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Not Style, Substance

Updated: Aug 25, 2021

In all my years in the church, I've been to a lot of worship. I've sang and prayed and listened and watched in the most stunning cathedral sanctuaries, in the glow of rose windows under the sentry of hewn angels and saints. I've sat groggy in the oblique morning sun of pristine white naves with red carpet and golden chandeliers, laughed around lichen-crusted picnic tables while pita bread was fractioned and grape juice poured into red plastic cups, huddled for warmth on the dock as the sun crested the James River, bidding us as we bid it. I suffered sermons that put even seminary faculty to sleep and been cracked open by tree-frog droned silences that would give even Screwtape pause. Worship is a vessel, and that vessel's façade, I've learned, does not always indicate how much water a liturgy can hold or even if it will float.

It feels like flood waters and rising tides are encroaching from all sides these days, soaking through any semblances of normal we once had or hope to ever have again and worship and faith and communion could be the solution in an ever-hurting world. All too often though, 'Church' is deemed the answer to questions that the Church might too afraid to truly ask. What do the people of God need right now? What is this moment calling for that the Gospel has to offer? From what flood waters can the Church be an ark, and for whom?

The Church's ministry to young adults must ground itself in the Good News positioned tête-à-tête with our present Bad Times; Good News does not simply meaning Positive News but Necessary News, Prophetic News, Challenging News, Comforting News. The world we have grown up in (I'm 30 years old myself) has been slowly spiraling out of control, and shows no signs of slowing. Folks are wondering if this country can ever heal the breach right down the center of our collective identity (or if we've ever even had a collective identity). They're wondering how much societal collapse will accompany the climate's collapse and why some people are so committed to defending inequalities and prejudices and violence (even to their own demise) and we're wondering what role we unwittingly play in them too. Young adults have struggled to find the kind of stability that seemed so emblematic of adulthood and wonder how much more our expectations of the future will have to be amended, if there is to be a future at all.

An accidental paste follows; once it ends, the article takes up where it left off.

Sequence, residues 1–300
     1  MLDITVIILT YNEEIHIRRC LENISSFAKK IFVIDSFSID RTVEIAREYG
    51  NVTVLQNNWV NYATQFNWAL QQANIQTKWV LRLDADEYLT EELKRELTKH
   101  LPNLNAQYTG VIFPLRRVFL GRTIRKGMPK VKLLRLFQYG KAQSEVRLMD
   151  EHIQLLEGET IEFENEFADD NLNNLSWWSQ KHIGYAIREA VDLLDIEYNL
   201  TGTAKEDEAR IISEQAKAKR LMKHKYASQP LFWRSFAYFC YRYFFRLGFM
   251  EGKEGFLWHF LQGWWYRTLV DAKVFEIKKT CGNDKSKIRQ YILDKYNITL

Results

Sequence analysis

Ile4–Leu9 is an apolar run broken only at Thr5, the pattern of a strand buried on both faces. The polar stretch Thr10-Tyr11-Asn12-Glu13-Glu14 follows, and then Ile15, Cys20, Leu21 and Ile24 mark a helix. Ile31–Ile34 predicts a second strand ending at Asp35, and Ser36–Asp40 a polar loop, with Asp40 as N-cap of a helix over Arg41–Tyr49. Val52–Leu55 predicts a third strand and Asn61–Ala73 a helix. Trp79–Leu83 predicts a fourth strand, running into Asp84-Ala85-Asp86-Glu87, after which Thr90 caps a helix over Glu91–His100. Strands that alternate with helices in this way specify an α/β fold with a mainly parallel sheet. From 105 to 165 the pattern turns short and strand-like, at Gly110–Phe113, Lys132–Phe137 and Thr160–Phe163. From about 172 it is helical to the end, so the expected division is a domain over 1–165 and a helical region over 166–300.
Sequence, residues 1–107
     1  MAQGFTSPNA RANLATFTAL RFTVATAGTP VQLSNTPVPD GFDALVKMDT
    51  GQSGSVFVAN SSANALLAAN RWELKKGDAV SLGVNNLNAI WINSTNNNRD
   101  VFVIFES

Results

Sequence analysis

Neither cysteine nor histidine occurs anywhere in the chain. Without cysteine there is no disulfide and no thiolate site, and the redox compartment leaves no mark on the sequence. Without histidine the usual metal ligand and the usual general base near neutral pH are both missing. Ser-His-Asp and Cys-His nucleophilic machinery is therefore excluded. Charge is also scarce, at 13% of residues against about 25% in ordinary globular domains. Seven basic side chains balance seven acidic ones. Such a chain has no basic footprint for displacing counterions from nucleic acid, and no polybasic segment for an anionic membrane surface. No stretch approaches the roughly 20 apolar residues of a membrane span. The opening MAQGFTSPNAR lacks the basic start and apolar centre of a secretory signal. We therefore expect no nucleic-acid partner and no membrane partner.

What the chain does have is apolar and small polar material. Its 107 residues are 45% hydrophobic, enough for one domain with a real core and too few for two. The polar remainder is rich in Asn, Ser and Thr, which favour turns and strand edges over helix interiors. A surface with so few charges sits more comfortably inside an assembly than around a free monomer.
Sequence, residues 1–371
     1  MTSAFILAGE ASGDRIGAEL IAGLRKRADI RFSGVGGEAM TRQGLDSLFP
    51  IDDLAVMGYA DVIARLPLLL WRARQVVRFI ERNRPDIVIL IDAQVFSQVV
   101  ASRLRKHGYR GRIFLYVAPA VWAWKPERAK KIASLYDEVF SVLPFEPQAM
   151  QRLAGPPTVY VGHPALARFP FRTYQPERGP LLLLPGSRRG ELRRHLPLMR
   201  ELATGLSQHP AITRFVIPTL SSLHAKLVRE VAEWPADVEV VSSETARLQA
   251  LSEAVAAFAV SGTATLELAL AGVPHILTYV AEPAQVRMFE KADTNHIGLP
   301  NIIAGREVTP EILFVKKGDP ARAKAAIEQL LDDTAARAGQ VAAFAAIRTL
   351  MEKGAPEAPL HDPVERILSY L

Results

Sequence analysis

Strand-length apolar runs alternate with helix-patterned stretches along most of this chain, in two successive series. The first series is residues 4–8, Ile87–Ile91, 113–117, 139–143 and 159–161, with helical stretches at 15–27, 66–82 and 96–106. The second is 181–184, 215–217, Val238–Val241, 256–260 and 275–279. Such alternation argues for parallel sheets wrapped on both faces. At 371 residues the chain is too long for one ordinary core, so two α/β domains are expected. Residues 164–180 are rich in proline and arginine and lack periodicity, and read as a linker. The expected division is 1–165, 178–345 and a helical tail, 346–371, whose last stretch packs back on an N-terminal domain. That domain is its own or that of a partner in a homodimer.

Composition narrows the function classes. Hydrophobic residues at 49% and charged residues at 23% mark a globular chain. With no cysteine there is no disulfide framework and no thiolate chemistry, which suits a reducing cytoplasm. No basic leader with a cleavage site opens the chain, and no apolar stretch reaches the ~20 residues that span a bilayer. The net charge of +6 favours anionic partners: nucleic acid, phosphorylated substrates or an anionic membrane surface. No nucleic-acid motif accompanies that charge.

We are a people desperately in need of Good News, and young adults are in unique positions of longing in a church body for whom a promised future has mostly been made manifest. Home ownership, healthcare, pension, disposable income, and family vacations are not guaranteed nor do the uneasy alliances of polite, unspoken political differences remain innocuous. The 'Good' 'News' afforded to previous generations by economic, political, and social life no longer exists--Good News the Church simply borrowed from other smaller gods and blessed and sanctified as its own. Perhaps the Mainline's inattention to this shifting tide in the lives of its young adult rhymes with our concurrent realization that there are many people--black and brown and queer and poor--for whom this country has never promised Good News.

It is a lovely thing to find oneself in a beautiful space, a calm space, an exciting space, but all of these things are already available to young adults in bars and yoga studios and regional parks and on their friends' back decks. It is lovely too to find oneself within earshot of a truly Good Word, a vision of a future that we can place our hope in, and one that is increasingly on offer from good-hearted secular organizations and businesses (like Haymarket Books and Ben & Jerry's). The Church would do well to remember that it is a vessel with not many but one destination--the Kingdom of God--and whether it is by oceanliner or yacht, canoe or flotilla, there are people who will long to make that journey if only they are given the choice of knowing where we're headed.

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